If I were in the market for a winter bike, I think I may have found it.

* If I could take my head off and ride with it under my arm, do you think the helmet police would still moan about what I was wearing on it?

Get Thee Behind Me …

February 10, 2019

Me a couple of days ago: I’ve got around 20 minutes on this fine, almost springlike day, before I need to set off into town. How can I be most productive?

*prepares batch of sourdough, sends an important email, orders a repeat prescription, leaves house with five minutes in hand, feeling almost like an organised person.*

Brain: don’t forget you need to swap the ice tyres back off your bike.

For yes, it has reached the time of the year when the ice tyres’ role is to be in the wrong place – either off the bike when it is icy, or on the bike when it is not. The latter wouldn’t matter that much – I quite like the rice crispy noise they make on the tarmac and it helps alert pedestrians to my presence behind them far more effectively than the bell-or-no-bell calculation – except that my hub dynamo is on my non-winterised front wheel so at this time of the year it’s a choice between grip or lights (this winter, I’ve been running my dynamo lights day and night because even during the day the sun is so low it’s bound to be in someone’s eyes).

snow-covered bike

What do you look for in a winter bike?

I could get a set of battery lights, but space on my handlebars is at a premium and charging them is a pain, especially when they’re only occasionally used. I could get a second dynamo for my winter wheels, but a nice hub dynamo costs How Much!? and – such are the quirks of the human brain – it seems somehow less wasteful to get a whole new winter bike with a dynamo to use on the icy days than it does to get just a new front wheel with a dynamo that will barely be used.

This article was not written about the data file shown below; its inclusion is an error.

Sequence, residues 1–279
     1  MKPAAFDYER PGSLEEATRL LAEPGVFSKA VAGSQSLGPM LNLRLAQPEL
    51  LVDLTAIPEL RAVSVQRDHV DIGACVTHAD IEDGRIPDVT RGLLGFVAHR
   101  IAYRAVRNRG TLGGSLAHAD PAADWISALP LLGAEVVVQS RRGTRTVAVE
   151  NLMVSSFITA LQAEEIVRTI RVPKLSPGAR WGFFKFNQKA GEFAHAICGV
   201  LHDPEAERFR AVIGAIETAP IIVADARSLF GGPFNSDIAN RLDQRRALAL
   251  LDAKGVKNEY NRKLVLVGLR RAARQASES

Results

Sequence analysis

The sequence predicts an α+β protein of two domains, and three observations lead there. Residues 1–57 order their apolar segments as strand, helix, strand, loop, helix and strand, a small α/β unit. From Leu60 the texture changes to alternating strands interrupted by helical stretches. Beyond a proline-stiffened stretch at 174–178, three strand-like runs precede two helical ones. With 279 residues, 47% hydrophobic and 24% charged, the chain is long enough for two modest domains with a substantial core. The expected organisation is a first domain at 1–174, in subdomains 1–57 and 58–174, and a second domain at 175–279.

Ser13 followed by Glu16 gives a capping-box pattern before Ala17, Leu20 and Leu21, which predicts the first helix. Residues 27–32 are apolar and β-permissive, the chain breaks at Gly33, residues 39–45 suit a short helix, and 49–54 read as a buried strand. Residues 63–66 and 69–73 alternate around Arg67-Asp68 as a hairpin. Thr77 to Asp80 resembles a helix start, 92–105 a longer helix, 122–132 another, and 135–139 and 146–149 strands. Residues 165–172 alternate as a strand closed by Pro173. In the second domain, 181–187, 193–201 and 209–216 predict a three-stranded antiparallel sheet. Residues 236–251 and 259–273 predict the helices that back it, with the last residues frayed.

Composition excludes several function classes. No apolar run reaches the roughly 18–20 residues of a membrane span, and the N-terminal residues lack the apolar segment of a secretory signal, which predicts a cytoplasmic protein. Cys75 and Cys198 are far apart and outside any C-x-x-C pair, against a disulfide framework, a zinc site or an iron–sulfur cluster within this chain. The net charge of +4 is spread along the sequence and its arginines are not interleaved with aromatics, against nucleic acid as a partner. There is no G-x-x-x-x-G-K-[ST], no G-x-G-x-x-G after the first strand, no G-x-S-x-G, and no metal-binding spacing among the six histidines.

Obviously, any cyclist reading this will be muttering ‘N+1’ and urging me to go for the new bike, but I do feel any additional bike would have to earn its keep, beyond just spiky wheels, and fill a niche my current steeds aren’t currently filling. But I have to admit, I’m a tiny bit tempted by the thought of a new-to-me bike. Given I already have a comfy touring bike and a Brompton, and any new bike would still have to get me up our hill (so no heavy mountain bike), if you were in my shoes, what would you go for?

Unfast Fashion

February 5, 2019

After knitting enough socks to get a little bored of the process, and then an unexpectedly successful tea-cosy for my mother, I have decided to risk knitting something a little more ambitious (and by ambitious, I mean ‘something any actual knitter can do with their eyes shut): a jumper.

tea cosy

Not a jumper, unless you’re a teapot

I have actually managed to knit myself a whole cardigan in the past (it even came out quite successfully, although sadly the moths got more use out of it than I did in the end), and then abandoned an attempt to do a jumper, but I thought I’d have another go having fallen in love with a pattern I saw on the Internet (I realise, looking at it now, that half the attraction may be that it’s a grey jumper in the picture, but never mind).

wool coneOne of the problems with knitting something like a jumper is that you end up spending a substantial part of your life turning about £60 worth of wool into about £40 worth of jumper, at least if you buy the wool new. Fortunately my cousin, who is a master of the car boot sale, found me a 50p bargain cone of 2-ply Shetland wool that’s been sitting in my knitting wool stash for *checks notes* five years waiting for me to work out what to do with it (never let it be said that I rush into things when it comes to knitting).

After a certain amount of calculation (and having actually knitted a proper test swatch rather than just assuming it will be fine like I normally do) I worked out that if I wound it into balls and knitted with two at a time, I should have enough 4ply wool for the pattern. This does mean acquiring a jumper that isn’t grey, which will be a bit of a shock to the system, but at least, given how slowly I knit, I’ve probably got a couple of years to get used to the idea …